Gargantua and Pantagruel, by Francois Rabelais

Chapter 41

How the temple was illuminated with a wonderful lamp.

Before I proceed to the description of the Bottle, I’ll give you that of an admirable lamp that dispensed so large a light over all the temple that, though it lay underground, we could distinguish every object as clearly as above it at noonday.

In the middle of the roof was fixed a ring of massive gold, as thick as my clenched fist. Three chains somewhat less, most curiously wrought, hung about two feet and a half below it, and in a triangle supported a round plate of fine gold whose diameter or breadth did not exceed two cubits and half a span. There were four holes in it, in each of which an empty ball was fastened, hollow within, and open o’ top, like a little lamp; its circumference about two hands’ breadth. Each ball was of precious stone; one an amethyst, another an African carbuncle, the third an opal, and the fourth an anthracites. They were full of burning water five times distilled in a serpentine limbec, and inconsumptible, like the oil formerly put into Pallas’ golden lamp at Acropolis of Athens by Callimachus. In each of them was a flaming wick, partly of asbestine flax, as of old in the temple of Jupiter Ammon, such as those which Cleombrotus, a most studious philosopher, saw, and partly of Carpasian flax [Ozell’s correction. Motteux reads, ‘which Cleombrotus, a most studious philosopher, and Pandelinus of Carpasium had, which were,’ &c.], which were rather renewed than consumed by the fire.

About two foot and a half below that gold plate, the three chains were fastened to three handles that were fixed to a large round lamp of most pure crystal, whose diameter was a cubit and a half, and opened about two hands’ breadths o’ top; by which open place a vessel of the same crystal, shaped somewhat like the lower part of a gourd-like limbec, or an urinal, was put at the bottom of the great lamp, with such a quantity of the afore-mentioned burning water, that the flame of the asbestine wick reached the centre of the great lamp. This made all its spherical body seem to burn and be in a flame, because the fire was just at the centre and middle point, so that it was not more easy to fix the eye on it than on the disc of the sun, the matter being wonderfully bright and shining, and the work most transparent and dazzling by the reflection of the various colours of the precious stones whereof the four small lamps above the main lamp were made, and their lustre was still variously glittering all over the temple. Then this wandering light being darted on the polished marble and agate with which all the inside of the temple was pargetted, our eyes were entertained with a sight of all the admirable colours which the rainbow can boast when the sun darts his fiery rays on some dropping clouds.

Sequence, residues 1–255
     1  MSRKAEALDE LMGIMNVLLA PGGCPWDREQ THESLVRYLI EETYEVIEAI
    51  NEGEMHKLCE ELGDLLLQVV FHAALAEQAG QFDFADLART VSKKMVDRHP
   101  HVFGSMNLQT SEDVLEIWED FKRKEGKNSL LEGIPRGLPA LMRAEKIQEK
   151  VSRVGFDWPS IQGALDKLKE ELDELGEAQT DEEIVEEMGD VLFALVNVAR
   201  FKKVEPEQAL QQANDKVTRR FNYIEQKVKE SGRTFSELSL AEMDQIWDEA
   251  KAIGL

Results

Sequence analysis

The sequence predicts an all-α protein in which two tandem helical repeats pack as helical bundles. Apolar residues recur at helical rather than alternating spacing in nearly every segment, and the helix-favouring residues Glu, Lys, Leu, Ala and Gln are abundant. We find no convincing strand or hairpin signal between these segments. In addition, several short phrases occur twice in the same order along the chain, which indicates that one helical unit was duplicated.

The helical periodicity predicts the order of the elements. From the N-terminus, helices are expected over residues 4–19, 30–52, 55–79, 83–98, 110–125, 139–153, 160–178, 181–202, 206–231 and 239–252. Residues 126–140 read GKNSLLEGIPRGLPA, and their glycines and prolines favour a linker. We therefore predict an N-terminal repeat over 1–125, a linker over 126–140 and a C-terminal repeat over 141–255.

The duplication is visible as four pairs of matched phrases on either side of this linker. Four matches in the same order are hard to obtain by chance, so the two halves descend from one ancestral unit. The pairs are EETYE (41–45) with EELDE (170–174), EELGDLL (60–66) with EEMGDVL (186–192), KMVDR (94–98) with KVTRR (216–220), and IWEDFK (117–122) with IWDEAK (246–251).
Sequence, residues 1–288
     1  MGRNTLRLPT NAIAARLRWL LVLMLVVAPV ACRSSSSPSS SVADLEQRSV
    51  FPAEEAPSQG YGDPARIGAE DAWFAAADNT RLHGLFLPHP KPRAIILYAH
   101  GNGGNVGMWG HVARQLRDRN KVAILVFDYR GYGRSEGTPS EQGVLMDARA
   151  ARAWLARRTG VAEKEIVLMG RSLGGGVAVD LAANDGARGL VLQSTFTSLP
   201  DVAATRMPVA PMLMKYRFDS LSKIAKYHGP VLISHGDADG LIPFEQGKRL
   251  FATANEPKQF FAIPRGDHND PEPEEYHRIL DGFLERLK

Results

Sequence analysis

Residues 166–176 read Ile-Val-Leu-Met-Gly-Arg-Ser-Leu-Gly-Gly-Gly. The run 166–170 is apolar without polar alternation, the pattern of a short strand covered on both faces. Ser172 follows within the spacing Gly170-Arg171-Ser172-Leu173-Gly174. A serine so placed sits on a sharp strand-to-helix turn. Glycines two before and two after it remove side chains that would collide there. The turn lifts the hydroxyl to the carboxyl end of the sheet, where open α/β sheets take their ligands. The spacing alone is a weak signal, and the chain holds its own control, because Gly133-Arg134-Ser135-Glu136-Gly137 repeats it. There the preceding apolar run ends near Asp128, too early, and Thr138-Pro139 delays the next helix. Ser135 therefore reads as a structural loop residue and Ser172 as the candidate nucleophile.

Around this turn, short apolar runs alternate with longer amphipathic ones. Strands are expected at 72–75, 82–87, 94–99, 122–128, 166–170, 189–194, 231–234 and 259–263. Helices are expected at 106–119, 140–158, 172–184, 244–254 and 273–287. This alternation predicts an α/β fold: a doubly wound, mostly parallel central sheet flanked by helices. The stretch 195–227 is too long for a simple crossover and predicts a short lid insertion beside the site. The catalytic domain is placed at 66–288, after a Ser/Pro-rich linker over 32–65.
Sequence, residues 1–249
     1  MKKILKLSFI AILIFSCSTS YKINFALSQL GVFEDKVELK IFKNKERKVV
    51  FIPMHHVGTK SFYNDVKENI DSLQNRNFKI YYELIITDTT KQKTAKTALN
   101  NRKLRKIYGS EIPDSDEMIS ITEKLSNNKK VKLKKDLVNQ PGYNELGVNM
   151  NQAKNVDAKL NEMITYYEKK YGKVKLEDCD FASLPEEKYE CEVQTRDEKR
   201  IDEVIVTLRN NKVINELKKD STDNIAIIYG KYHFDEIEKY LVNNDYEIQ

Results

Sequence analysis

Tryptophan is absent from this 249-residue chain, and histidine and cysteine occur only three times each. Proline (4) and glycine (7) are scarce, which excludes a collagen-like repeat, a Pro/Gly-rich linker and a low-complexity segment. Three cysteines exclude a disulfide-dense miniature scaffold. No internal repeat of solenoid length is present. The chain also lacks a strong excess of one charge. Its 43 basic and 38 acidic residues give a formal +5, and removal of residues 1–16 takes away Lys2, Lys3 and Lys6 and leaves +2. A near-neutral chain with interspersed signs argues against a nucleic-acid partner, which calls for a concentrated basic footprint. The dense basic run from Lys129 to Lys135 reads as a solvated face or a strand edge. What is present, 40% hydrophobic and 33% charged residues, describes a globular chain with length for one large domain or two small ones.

The design of the lamp was admirable in itself, but, in my opinion, what added much to the beauty of the whole, was that round the body of the crystal lamp there was carved in cataglyphic work a lively and pleasant battle of naked boys, mounted on little hobby-horses, with little whirligig lances and shields that seemed made of vine-branches with grapes on them; their postures generally were very different, and their childish strife and motions were so ingeniously expressed that art equalled nature in every proportion and action. Neither did this seem engraved, but rather hewed out and embossed in relief, or at least like grotesque, which, by the artist’s skill, has the appearance of the roundness of the object it represents. This was partly the effect of the various and most charming light, which, flowing out of the lamp, filled the carved places with its glorious rays.

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Last updated Thursday, March 6, 2014 at 15:33